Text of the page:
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New Evidence Strengthens Case for Higgs Boson

March 28th, 2013

The new particle discovered by experiments at the CERN’s  Large Hadron Collider (LHC) last summer is looking more like a Higgs boson than ever before. The CERN (European Organization for Nuclear Research) scientists, including a number of BU physicists, released new findings about the Higgs boson last week at CERN’s Moriond Conference in La Thuile, Italy.

On July 4, 2012, physicists on the CMS and ATLAS experiments announced the discovery of a particle with a close resemblance to a Higgs, a particle thought to give mass to other elementary particles. The discovery of such a particle could finish a job almost five decades in the making: It could confirm the last remaining piece of the Standard Model of particle physics, a menu of the smallest particles and forces that make up the universe and how they interact.

Boston University physicists been involved in the two general purpose collider detectors at CERN almost 20 years and have made important contributions to the CMS and ATLAS experiments. BU physicists helped design the CMS Hadron Calorimeter, an integral part of the experiment used to measure the energy of particles that emerge from the proton-proton collisions and have been instrumental in the design and commissioning of the CMS “trigger” system—an online selection system designed to select, in real time, potentially interesting physics events from Higgs and other decays. BU team members also play leading roles in the analysis of the collision data and are searching for exotic particles (including exotic versions of the Higgs Boson) predicted by several new physics theories.

The ATLAS and CMS collaborations have analyzed two and a half times more data than was available for the discovery announcement in July, and, in their preliminary results, they find that the new particle is looking more and more like a Higgs boson. Scientists have specific predictions for how often a Standard Model Higgs boson of a certain mass will decay into different patterns of particles. The latest results indicate that the new particle is sticking to the Standard Model’s script.

“The search for the Higgs Boson has been the Holy Grail of particle physics, and the latest results indicate that we have indeed found a Higgs boson,” said Tulika Bose, assistant professor of physics at Boston University. “Whether it is the Higgs Boson predicted by the Standard Model of particle physics or something more exotic, only new data and time will tell.” Bose adds that the LHC will restart in 2014 at close to double its current energy. “We expect this new energy regime to answer this question as well as discover new physics, which will help solve the other unsolved mysteries in the universe, such as the dominance of matter over antimatter in our universe, dark matter and dark energy,” said Bose.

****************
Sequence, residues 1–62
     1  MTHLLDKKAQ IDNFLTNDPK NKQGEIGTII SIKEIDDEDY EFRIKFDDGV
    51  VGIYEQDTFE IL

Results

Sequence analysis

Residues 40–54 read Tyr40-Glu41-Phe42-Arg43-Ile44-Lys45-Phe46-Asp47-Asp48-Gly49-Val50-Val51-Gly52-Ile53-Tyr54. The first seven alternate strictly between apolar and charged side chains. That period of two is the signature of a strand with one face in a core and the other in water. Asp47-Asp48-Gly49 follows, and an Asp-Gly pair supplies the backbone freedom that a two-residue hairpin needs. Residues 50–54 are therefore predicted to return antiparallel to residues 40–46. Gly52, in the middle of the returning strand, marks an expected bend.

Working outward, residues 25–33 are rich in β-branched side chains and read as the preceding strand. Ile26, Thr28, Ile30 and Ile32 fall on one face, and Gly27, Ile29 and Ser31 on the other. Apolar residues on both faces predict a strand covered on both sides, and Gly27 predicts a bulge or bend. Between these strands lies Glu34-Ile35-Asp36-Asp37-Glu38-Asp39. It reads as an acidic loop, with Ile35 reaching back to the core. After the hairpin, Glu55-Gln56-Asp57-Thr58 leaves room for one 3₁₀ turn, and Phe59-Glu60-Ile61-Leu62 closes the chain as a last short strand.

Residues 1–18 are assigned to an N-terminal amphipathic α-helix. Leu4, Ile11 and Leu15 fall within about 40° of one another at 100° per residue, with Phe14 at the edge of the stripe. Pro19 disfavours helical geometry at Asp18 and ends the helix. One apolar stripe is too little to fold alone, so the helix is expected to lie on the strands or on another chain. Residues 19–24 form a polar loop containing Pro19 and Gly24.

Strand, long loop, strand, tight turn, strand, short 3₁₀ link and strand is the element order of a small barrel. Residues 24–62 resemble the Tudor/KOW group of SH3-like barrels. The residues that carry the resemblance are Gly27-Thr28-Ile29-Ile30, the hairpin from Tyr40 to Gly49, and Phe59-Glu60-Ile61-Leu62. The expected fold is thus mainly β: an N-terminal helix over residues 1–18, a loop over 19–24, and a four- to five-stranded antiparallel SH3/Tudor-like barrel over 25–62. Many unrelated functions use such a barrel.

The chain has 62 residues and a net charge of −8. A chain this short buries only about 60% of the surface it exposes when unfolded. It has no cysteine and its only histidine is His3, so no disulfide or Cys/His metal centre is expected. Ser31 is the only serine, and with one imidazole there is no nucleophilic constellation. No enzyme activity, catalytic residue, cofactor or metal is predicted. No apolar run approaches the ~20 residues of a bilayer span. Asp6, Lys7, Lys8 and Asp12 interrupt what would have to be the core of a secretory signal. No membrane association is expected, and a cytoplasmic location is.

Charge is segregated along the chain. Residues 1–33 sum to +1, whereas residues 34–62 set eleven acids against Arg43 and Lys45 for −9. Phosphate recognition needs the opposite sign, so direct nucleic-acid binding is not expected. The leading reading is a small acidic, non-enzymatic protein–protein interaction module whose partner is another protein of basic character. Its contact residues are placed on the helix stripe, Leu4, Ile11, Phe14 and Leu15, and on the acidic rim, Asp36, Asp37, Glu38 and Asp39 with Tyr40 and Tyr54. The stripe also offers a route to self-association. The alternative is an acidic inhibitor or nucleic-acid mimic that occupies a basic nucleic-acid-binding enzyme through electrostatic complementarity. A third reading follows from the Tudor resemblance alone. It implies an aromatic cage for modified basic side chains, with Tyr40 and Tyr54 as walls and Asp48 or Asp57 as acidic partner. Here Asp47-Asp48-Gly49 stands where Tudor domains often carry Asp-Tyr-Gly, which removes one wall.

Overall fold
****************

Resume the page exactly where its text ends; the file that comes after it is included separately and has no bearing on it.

Leading BU’s CMS group are Bose, James Rohlf and Larry Sulak, both professors of physics, and Arno Heister, research assistant professor.

BU faculty members of the ATLAS experiment are Stephen Ahlen and John Butler, both professors of physics, and Kevin Black, assistant professor of physics. The BU ATLAS team also includes James Shank, research professor, and Saul Youssef, research associate professor. These BU scientists have been involved in the design, development, maintenance, and software for the outer most part of the ATLAS detector, which is specially designed to identify and measure the properties of a subatomic particles called the muons, which, because of their unique characteristics, can penetrate a large amount of material and exit the detector.

The BU ATLAS researchers specifically were involved in the search for evidence of Higgs particle decay into two tau particles (tau particles are essentially heavier partners to the electron). While this type of decay is relatively rare for the Higgs boson, it is important to confirm and measure its occurrence in order to compare the decay to the Standard Model prediction, thereby confirming the existence of a Standard Model Higgs particle.

BU’s ATLAS team also played an active role in the ‘trigger’ of the experiment for the LHC, which decides which hundred of the million events per second will be recorded for further analysis. In addition, the BU team hosts a large computing center, which simulates and reconstructs events from the detector.

Although scientists will need to analyze substantially more data before they can conclusively declare the new particle is the Standard Model Higgs boson, results announced at the Rencontres de Moriond conference bolster scientists’ confidence that the particle they discovered is the Standard Model Higgs.

“Clear evidence that the new particle is the Standard Model Higgs boson still would not complete our understanding of the universe,” said Patty McBride, head of the CMS Center at Fermilab. “We still wouldn’t understand why gravity is so weak and we would have the mysteries of dark matter to confront. But it is satisfying to come a step closer to validating a 48-year-old theory.”